Student loans are my only installment loan. Is paying them off a problem?

Making good on your student loans will help your credit far more than it will hurt. 

Mel Evans/AP/File
Students embrace as they arrive for the Rutgers graduation ceremonies in Piscataway, NJ.

Congratulations, your student loans were your only installment loans, and you’re about to pay them off. You may be wondering from a credit score standpoint: Is this a problem?

Not really. Here’s why.

The five factors

Your credit score has five major elements:

  • Your history of paying on time.
  • How much of your available credit you’re using.
  • How long you’ve had credit.
  • Whether you’ve applied for new credit lately.
  • The types of credit you use.

The biggest of the five

If you’ve made good on your student loans, and especially if you had no delinquencies, your efforts have helped your score a lot in that first category. Paying on time is the biggest single factor in determining your score from FICO, which is the one used in most lending decisions, or from VantageScore, FICO’s competitor.

“Length of credit history” will look great, too. Student loans tend to take many years to pay off, so you have built a pretty solid credit history with this installment loan.

Good news

You may worry that removing “installment loan” from your “types of credit used” will hurt your score. Actually, the information about your paid-off installment loan can stay on your credit report for up to 10 years. That’s a good thing, provided the information shows good credit behavior. Creditors will love that you paid your student loans off on time and in full.

If it was your only installment loan, you could lose “a few points” on your credit score, says credit expert Barry Paperno, who blogs at Speaking of Credit. The “types of credit used” category works to your best advantage if you have at least one open installment loan and one revolving (credit card) account, he says.

What to do with the extra cash?

There’s an added wrinkle that will help your credit score, provided you keep up your responsible behavior. You obviously were budgeting wisely, because you put aside a certain amount each month to pay the student loans. Now those payments have ended, which frees up that cash. What should you do with it?

Perhaps you want to save it for retirement or a child’s college fund. Those are great choices. But if you have existing credit card debt, think about paying it off first. Rather than carrying a balance, we recommend paying credit card bills in full and on time, every time. It helps you build credit by reducing your credit utilization, and it saves you money on interest.

You may also wonder if it’s time to replace that installment loan with another. That would likely help your credit score if it restores a second kind of credit to your mix. If you are thinking about getting a new or used car that you’ll have to finance, you could use the freed-up cash toward that purchase.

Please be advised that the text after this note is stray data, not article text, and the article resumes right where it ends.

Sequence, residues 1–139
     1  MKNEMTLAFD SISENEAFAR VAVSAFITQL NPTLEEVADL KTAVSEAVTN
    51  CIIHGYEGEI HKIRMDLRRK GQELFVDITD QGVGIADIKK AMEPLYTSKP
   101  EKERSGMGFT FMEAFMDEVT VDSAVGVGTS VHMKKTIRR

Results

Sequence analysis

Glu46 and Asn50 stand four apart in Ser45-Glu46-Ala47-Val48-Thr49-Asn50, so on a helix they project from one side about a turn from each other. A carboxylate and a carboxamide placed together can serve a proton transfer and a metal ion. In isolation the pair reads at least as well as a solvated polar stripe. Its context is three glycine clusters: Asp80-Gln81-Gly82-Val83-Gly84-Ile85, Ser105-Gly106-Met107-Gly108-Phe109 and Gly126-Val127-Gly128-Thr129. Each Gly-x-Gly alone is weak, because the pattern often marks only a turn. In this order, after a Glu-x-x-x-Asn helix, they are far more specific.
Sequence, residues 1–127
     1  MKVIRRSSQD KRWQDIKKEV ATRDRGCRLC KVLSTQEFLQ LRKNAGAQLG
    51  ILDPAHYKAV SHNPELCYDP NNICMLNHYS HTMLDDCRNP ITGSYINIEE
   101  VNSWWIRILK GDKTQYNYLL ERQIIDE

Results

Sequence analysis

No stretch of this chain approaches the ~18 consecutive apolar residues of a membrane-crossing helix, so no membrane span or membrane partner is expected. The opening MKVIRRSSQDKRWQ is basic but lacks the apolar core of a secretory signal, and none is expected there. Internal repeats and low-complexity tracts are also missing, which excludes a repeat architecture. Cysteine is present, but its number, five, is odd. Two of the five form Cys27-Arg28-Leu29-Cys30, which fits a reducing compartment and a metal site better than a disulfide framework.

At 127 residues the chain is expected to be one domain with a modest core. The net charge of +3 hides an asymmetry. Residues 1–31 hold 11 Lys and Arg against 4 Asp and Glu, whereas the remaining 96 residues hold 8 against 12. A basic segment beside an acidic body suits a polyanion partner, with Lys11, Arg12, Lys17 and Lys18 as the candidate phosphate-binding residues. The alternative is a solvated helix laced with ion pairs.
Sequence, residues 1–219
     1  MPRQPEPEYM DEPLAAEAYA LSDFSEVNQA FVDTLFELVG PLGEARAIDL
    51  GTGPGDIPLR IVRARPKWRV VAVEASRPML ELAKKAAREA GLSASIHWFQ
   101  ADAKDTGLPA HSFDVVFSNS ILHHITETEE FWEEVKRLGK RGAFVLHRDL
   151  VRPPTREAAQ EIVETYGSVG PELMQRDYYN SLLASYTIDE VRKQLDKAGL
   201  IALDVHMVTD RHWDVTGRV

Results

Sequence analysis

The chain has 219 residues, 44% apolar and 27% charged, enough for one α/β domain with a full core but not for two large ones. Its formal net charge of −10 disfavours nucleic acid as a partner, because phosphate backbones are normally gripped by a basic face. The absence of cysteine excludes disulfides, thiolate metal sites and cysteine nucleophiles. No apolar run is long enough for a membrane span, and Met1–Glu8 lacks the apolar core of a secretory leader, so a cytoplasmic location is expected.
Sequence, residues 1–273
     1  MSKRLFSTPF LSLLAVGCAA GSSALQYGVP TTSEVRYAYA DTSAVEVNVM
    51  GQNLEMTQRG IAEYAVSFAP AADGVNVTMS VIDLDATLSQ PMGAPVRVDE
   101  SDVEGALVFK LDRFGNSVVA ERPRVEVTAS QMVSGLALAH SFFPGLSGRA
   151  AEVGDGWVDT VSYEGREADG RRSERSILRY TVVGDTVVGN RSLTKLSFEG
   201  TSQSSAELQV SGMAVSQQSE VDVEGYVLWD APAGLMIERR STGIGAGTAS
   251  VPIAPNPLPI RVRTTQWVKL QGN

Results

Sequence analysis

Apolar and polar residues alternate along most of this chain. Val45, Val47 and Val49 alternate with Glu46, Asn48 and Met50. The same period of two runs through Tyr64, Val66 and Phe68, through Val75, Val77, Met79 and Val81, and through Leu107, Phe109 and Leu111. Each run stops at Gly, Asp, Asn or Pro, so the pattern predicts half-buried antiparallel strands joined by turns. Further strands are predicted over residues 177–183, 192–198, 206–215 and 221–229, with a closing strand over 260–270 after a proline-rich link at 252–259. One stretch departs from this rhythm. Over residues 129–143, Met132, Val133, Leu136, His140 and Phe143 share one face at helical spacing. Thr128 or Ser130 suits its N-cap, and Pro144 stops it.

This article first appeared in NerdWallet. 

Updated Aug. 16, 2016. 

You've read  of  free articles. Subscribe to continue.
Real news can be honest, hopeful, credible, constructive.
What is the Monitor difference? Tackling the tough headlines – with humanity. Listening to sources – with respect. Seeing the story that others are missing by reporting what so often gets overlooked: the values that connect us. That’s Monitor reporting – news that changes how you see the world.

Dear Reader,

About a year ago, I happened upon this statement about the Monitor in the Harvard Business Review – under the charming heading of “do things that don’t interest you”:

“Many things that end up” being meaningful, writes social scientist Joseph Grenny, “have come from conference workshops, articles, or online videos that began as a chore and ended with an insight. My work in Kenya, for example, was heavily influenced by a Christian Science Monitor article I had forced myself to read 10 years earlier. Sometimes, we call things ‘boring’ simply because they lie outside the box we are currently in.”

If you were to come up with a punchline to a joke about the Monitor, that would probably be it. We’re seen as being global, fair, insightful, and perhaps a bit too earnest. We’re the bran muffin of journalism.

But you know what? We change lives. And I’m going to argue that we change lives precisely because we force open that too-small box that most human beings think they live in.

The Monitor is a peculiar little publication that’s hard for the world to figure out. We’re run by a church, but we’re not only for church members and we’re not about converting people. We’re known as being fair even as the world becomes as polarized as at any time since the newspaper’s founding in 1908.

We have a mission beyond circulation, we want to bridge divides. We’re about kicking down the door of thought everywhere and saying, “You are bigger and more capable than you realize. And we can prove it.”

If you’re looking for bran muffin journalism, you can subscribe to the Monitor for $15. You’ll get the Monitor Weekly magazine, the Monitor Daily email, and unlimited access to

QR Code to Student loans are my only installment loan. Is paying them off a problem?
Read this article in
QR Code to Subscription page
Start your subscription today